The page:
With his nurses, caregivers and friends he's charming and lovable. With me he's angry and inconsolable
From Monday's Globe and Mail Published on Monday, Nov. 30, 2009 12:00AM EST Last updated on Monday, Nov. 30, 2009 6:28PM EST
As Jacob and I make our way down the crowded aisles at the grocery store, I am acutely aware of strangers glancing at us. They see a mother and son shopping together. But we stand out because we are different.
Jacob can't sit or stand without support, so I can't secure him in the seat at the front of the cart, or have him stand at the end, holding onto the metal basket as I push a food-filled wagon through the store. Instead, we make our way down the aisle with me pushing him in his wheelchair and him balancing our selected items on his lap.
Like many kids his age, Jacob does not enjoy this errand. As soon as I stop pushing him to grab an item off the shelf, he complains. Jacob knows what he wants, but unlike his peers he can't run ahead and explore on his own. This frustrates him, so he screams. As I try to console him, he screams louder.
While many parents can treat their little helpers to a candy or a bag of chips at the end of a shopping expedition, I don't have this reward at my disposal because Jacob can't eat.
My seven-year-old son has Pelizaeus-Merzbacher disease, a rare neurodegenerative disorder that affects all aspects of his life. Jacob cannot sit by himself, walk or speak. He is fed by a tube that was surgically implanted into his stomach when he was an infant. But he understands what is said to him and loves listening to silly jokes.
Ever since he was born, Jacob has had a special effect on people. There is something intangible that draws people, and makes them fall in love with him. Year after year, I have watched my son attract people to him and melt their hearts with his infectious laughter and mischievous grin.
But when they leave, he changes. He screams, he protests and he cries. Gone is the charm, the lovable smile and the twinkle in his green eyes. I am left with an angry little boy who is inconsolable. Why can't I elicit the same wonderful qualities that his nurses and friends do so effortlessly?
I am in charge of Jacob's care, his schedule and his endless appointments. I am the one who accompanies him to the doctors he hates. I am the one who holds his hand and walks with him in the hallways of hospitals while we wait for hours for the dreaded visits.
I feel like a nasty mother who allows therapists to subject him to painful and difficult exercises. It's no wonder he prefers his caregivers whose main goal is to entertain and please him.
As Jacob's mother, I know he is receiving the care he needs. His frequent screaming in my presence is purely behavioural, designed to manipulate me into giving him what he wants. My heart beats quickly as I run through the list of things that might calm him down, like chasing our cat Spot, helping him strum his red guitar, reading a book or telling him a story.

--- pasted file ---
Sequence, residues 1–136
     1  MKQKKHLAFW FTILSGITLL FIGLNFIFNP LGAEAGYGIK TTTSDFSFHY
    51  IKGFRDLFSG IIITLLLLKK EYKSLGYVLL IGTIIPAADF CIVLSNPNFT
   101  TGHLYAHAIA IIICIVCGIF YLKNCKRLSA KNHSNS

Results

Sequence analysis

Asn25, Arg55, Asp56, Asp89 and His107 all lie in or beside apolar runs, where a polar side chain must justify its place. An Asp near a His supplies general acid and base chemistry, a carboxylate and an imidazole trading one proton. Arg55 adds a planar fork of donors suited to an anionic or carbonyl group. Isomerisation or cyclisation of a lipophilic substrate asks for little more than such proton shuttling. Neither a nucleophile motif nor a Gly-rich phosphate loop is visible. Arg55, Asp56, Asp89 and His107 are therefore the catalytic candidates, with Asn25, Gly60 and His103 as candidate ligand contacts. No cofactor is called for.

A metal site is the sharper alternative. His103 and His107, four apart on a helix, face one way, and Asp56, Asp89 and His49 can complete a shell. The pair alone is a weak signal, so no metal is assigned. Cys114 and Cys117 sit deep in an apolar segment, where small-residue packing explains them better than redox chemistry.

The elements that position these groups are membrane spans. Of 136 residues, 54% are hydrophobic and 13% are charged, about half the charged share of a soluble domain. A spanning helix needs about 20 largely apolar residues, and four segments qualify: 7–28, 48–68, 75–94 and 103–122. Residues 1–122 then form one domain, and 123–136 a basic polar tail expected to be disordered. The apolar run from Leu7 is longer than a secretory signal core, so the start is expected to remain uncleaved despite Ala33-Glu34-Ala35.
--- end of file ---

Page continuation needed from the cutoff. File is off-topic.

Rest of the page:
When nothing else works and I am at a loss for what to try next to quiet his screams, I resort to the phone call. At this point, Jacob has been yelling for so long and with such vigour that his face is red and his hair is so wet he looks like he just had a shower. Listening to his favourite person, Belle, on the telephone is a guaranteed mood changer. It's the one thing that will always calm him down and make him smile.
In my weaker moments I feel sorry for myself. I am upset that I can't soothe him. I am his mother; I should be his favourite person.
When the crisis is over and peace has been restored, I look at my curly-haired child and know that his behaviour, in some way, is typical for any child.
Most parents will agree their children behave better with those who aren't their parents. And Jacob, in this respect, is a regular child. Intellectually I know this, but it hurts. It's heartbreaking to witness someone else pacify my child, something I repeatedly try but fail to do.
Compared to Jacob, his healthy twin sisters are easy to parent. At 4½, they are typical children. When they are upset or hurt, they run to me. They get angry when I go out and leave them in the care of someone else. As their mommy, I can make everything better. My kisses fix their boo-boos and they love it when I play with them. Why can't I fill the same role for my son?
In September, after a stressful doctor visit, I brought Jacob with me to buy a coffee. He enjoyed sitting on my lap, watching the cars drive by the store. It has become our special outing, on our way home from an appointment or when we have a free hour on the weekend.
I look forward to these moments of quiet and peaceful interaction with my son. When I ask if he wants to come for coffee with me, he smiles and slowly nods his head. My heart expands and I feel a whoosh of love for my little boy.
It is hard being the one he associates with dreaded appointments. It is challenging to find things Jacob likes to do with me. But I will persist because I love spending happy times with my son. I will keep trying to be the one he wants when he is sad. Because I am Jacob's mom.
Marcy White lives in Toronto.
Illustration by Steve Adams.